Both the Bill of Rights and state law in Maryland protect people from inappropriate police activity. People can ask the courts to throw out evidence or dismiss charges based on police misconduct.
Although most police officers perform their jobs in good faith, some of them may go too far in their desire to have a high arrest or solve rate. In situations where people think that police officers have overstepped their authority or violated their civil rights, they may believe that those circumstances will impact any criminal charges that they face.
People think of checkpoints as a violation of their rights
Although drunk driving charges in Maryland are often the result of individual enforcement efforts by police officers conducting traffic stops, sometimes large numbers of people will have to stop for the police because of a drunk-driving roadblock or sobriety checkpoint.
Given that one checkpoint can impact dozens or more people, they seem like a potential violation of civil rights. Are sobriety checkpoints legal in Maryland?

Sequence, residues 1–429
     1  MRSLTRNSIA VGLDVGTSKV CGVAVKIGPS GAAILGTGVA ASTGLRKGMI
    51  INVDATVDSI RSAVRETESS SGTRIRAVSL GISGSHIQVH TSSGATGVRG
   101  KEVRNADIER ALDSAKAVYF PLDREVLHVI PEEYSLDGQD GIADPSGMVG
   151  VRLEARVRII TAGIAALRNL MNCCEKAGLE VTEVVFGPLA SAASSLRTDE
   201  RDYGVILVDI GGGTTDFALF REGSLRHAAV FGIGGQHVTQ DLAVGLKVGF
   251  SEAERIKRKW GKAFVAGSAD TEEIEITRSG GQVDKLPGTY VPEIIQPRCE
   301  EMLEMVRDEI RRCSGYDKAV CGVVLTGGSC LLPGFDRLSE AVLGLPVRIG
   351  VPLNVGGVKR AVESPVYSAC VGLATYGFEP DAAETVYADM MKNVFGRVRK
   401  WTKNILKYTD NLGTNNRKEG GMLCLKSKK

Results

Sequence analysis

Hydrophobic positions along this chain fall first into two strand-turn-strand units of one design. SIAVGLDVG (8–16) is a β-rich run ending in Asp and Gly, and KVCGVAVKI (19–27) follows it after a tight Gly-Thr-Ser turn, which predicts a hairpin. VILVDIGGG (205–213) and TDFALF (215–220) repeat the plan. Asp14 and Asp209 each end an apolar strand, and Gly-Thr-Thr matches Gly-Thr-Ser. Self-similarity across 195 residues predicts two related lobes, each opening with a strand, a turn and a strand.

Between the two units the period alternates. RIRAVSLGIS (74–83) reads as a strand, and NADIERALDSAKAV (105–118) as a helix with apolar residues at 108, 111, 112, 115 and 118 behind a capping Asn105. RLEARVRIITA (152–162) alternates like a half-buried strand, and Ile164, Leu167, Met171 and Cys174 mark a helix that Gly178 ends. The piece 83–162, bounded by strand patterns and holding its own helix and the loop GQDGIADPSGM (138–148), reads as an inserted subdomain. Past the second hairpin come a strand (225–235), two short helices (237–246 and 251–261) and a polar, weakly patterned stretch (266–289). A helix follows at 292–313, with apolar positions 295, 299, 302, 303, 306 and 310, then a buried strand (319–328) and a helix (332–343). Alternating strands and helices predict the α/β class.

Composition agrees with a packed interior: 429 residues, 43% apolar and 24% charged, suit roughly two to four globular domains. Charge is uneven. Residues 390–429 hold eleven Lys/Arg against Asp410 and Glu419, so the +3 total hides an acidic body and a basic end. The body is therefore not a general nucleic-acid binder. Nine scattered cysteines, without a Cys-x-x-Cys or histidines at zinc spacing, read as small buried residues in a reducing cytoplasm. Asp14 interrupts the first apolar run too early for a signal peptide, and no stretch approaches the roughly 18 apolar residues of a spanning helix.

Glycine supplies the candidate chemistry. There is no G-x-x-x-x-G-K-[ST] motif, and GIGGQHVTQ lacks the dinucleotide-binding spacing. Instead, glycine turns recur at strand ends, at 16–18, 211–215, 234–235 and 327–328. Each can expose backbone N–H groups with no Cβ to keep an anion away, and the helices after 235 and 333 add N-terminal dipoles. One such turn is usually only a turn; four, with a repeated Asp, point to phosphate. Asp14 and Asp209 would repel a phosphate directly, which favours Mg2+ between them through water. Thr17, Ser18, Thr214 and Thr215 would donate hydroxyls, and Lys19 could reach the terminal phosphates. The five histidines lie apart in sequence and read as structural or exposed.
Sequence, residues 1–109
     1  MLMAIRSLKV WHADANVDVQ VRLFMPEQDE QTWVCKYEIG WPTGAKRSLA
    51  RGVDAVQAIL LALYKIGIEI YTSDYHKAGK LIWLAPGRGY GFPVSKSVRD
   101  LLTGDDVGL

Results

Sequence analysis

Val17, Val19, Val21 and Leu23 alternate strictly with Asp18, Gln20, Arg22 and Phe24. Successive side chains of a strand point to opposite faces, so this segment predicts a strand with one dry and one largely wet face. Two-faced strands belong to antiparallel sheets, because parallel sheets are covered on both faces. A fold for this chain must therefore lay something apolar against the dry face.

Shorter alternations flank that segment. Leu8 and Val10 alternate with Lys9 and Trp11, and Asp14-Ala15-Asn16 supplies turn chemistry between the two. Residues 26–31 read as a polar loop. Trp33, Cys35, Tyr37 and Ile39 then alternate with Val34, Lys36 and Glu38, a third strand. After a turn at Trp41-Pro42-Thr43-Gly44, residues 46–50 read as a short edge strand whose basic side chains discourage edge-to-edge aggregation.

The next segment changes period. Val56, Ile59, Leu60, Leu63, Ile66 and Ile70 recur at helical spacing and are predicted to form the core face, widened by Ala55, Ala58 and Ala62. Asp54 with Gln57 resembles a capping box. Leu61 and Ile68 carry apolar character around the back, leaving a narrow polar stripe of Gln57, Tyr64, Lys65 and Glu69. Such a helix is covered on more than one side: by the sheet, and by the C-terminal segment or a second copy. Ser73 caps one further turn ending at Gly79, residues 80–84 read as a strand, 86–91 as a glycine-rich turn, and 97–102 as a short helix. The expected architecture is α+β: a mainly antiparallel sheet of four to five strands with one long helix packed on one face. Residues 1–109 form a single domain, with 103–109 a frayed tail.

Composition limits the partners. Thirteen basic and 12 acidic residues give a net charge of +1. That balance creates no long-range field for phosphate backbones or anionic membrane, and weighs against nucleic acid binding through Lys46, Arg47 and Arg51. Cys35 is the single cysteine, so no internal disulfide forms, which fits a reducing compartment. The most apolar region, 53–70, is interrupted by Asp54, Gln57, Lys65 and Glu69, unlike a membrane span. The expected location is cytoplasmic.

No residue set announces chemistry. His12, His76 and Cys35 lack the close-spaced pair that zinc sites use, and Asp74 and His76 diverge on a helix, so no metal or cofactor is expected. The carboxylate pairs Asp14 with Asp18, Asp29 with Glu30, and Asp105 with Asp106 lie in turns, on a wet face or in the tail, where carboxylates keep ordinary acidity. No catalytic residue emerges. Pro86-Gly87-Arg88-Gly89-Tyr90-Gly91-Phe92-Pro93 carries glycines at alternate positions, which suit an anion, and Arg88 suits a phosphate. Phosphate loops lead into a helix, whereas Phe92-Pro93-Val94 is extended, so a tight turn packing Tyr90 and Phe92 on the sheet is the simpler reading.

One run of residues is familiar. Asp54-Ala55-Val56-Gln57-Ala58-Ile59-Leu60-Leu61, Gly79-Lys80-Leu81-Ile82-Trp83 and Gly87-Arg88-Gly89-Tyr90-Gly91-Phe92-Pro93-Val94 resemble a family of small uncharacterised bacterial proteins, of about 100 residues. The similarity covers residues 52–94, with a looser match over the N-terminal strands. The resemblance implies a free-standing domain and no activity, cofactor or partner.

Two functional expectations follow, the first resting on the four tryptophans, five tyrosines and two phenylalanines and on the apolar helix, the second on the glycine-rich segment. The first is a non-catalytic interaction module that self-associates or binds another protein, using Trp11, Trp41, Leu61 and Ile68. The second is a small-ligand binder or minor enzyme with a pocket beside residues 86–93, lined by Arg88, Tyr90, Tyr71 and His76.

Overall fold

State and federal law currently allow sobriety checkpoints
Federal laws do allow sobriety checkpoints. However, they largely defer to the individual states. Most states permit sobriety checkpoints, although a few have passed laws prohibiting the practice or restricting it.
In Maryland, sobriety checkpoints are relatively common. Police departments even announce large checkpoints to the public before they occur. Individuals hoping to avoid inconvenience during their daily commute or during a night out with friends may want to check the news for reports of pending checkpoints and also learn more about their rights if they encounter one while driving.
Learning more about the laws that affect drunk driving charges in Maryland can help you if you have been arrested.